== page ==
The FDA has approved Qinlock (ripretinib) tablets as the first new drug specifically approved as a fourth-line treatment for advanced gastrointestinal stromal tumor (GIST), a type of tumor that originates in the gastrointestinal tract. Qinlock is indicated for adult patients who have received prior treatment with three or more kinase inhibitor therapies, including imatinib.
“Despite the progress that has been made over the past 20 years in developing treatments for GIST, including four FDA-approved targeted therapies – imatinib in 2002, sunitinib in 2006, regorafenib in 2013 and avapritinib earlier this year – some patients don’t respond to treatment and their tumors continues to progress. Today’s approval provides a new treatment option for patients who have exhausted all FDA-approved therapies for GIST,” said Richard Pazdur, M.D., director of the FDA’s Oncology Center of Excellence and acting director of the Office of Oncologic Diseases in the FDA’s Center for Drug Evaluation and Research.
Each year, approximately 4,000 to 6,000 adults in the United States are diagnosed with a GIST. GISTs arise when abnormal cells form in the tissues of the gastrointestinal tract. GISTs most commonly occur in the stomach, small intestine, and large intestine but can start anywhere along the gastrointestinal tract.
Qinlock is a kinase inhibitor, meaning it works by blocking a type of enzyme called a kinase, which helps keep the cancer cells from growing.
Qinlock’s approval was based on the results of an international, multi-center, randomized, double-blind, placebo-controlled clinical trial that enrolled 129 patients with advanced GIST who had received prior treatment with other FDA-approved targeted therapies, imatinib, sunitinib and regorafenib. The trial compared patients who were randomized to receive Qinlock to patients who were randomized to receive placebo, to determine whether progression free survival (PFS) – the time from initial treatment in the clinical trial to growth of the cancer or death – was longer in the Qinlock group compared to the placebo group. During treatment in the trial, patients received Qinlock or placebo once a day in 28-day cycles, repeated until tumor growth was found (disease progression), or the patient experienced intolerable side effects. After disease progression, patients who were randomized to placebo were given the option of switching to Qinlock.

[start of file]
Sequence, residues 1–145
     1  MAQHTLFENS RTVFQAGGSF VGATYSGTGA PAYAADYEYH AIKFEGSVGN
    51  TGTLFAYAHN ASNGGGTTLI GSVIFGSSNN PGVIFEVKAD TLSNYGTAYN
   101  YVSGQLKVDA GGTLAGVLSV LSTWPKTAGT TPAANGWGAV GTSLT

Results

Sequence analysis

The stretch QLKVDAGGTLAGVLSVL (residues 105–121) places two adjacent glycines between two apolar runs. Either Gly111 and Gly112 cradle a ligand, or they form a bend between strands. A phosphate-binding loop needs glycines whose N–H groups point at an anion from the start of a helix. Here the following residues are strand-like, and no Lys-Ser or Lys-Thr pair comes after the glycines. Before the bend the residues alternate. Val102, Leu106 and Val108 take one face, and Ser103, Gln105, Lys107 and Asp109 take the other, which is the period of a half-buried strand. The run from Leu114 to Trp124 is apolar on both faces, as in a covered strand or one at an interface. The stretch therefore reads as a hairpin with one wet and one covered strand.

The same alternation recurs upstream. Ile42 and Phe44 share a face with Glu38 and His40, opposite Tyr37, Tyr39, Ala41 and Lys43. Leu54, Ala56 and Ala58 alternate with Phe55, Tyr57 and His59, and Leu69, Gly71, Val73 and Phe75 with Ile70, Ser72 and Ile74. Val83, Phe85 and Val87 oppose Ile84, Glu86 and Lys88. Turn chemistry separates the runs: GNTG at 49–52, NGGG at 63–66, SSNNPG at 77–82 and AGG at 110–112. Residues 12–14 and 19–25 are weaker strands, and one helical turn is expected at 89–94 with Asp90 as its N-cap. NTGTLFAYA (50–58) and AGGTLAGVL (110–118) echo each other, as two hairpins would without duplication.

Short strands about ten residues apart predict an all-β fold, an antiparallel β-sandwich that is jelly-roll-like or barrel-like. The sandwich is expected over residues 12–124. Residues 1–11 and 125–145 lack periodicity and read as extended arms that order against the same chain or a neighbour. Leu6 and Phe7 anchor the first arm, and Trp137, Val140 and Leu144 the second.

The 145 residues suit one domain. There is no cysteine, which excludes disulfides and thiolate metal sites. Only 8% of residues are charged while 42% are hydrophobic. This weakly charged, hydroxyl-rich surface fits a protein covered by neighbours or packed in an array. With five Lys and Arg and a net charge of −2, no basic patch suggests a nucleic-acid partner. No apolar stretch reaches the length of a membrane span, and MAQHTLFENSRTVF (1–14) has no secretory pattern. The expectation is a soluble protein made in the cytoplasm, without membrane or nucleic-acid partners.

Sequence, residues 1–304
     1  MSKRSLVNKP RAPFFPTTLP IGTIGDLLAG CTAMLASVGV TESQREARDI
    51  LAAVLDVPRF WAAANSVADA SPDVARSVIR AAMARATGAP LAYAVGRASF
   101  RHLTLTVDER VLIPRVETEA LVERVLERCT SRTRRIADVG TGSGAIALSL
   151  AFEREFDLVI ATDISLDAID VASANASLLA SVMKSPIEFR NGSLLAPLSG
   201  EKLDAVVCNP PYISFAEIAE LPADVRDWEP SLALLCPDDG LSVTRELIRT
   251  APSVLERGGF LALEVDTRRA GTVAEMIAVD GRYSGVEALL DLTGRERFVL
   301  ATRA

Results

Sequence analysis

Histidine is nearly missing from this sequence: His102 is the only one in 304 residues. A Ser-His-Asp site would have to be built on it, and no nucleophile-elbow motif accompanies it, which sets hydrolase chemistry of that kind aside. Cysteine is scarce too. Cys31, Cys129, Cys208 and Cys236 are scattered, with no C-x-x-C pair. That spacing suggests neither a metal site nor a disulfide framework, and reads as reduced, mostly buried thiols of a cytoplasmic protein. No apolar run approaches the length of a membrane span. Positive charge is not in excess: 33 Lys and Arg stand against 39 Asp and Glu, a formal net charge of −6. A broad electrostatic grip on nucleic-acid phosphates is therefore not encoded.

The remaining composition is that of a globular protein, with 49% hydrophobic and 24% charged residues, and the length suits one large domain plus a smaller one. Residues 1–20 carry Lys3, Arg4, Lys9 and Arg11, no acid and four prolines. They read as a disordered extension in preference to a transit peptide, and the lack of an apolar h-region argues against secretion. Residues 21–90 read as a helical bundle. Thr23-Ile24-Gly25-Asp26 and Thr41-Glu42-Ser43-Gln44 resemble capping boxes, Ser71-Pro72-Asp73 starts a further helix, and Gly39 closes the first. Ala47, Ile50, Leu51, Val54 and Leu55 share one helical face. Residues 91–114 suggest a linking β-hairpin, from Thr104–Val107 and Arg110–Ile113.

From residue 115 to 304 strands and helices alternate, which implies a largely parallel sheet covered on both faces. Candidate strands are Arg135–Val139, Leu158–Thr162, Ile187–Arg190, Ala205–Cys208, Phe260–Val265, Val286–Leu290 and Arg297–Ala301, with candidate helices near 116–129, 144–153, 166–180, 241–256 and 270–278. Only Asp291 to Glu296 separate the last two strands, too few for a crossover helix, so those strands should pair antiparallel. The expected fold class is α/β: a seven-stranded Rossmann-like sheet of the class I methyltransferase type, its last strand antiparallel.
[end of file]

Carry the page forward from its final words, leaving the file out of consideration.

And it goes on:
On average, the PFS rate in patients in the Qinlock group was 6.3 months, compared to one month for patients in the placebo group.
The most common side effects with Qinlock were alopecia (hair loss), fatigue, nausea, abdominal pain, constipation, myalgia (muscle pain), diarrhea, decreased appetite, palmar-plantar erythrodysesthesia syndrome (a skin reaction in the palms and soles) and vomiting.
Qinlock can also cause serious side effects including skin cancer, hypertension (high blood pressure) and cardiac dysfunction manifested as ejection fraction decrease (when the muscle of the left ventricle of the heart is not pumping as well as normal). Health care providers should routinely check for symptoms and signs of these and other risks of Qinlock.
The FDA granted approval of Qinlock to Deciphera Pharmaceuticals, Inc.
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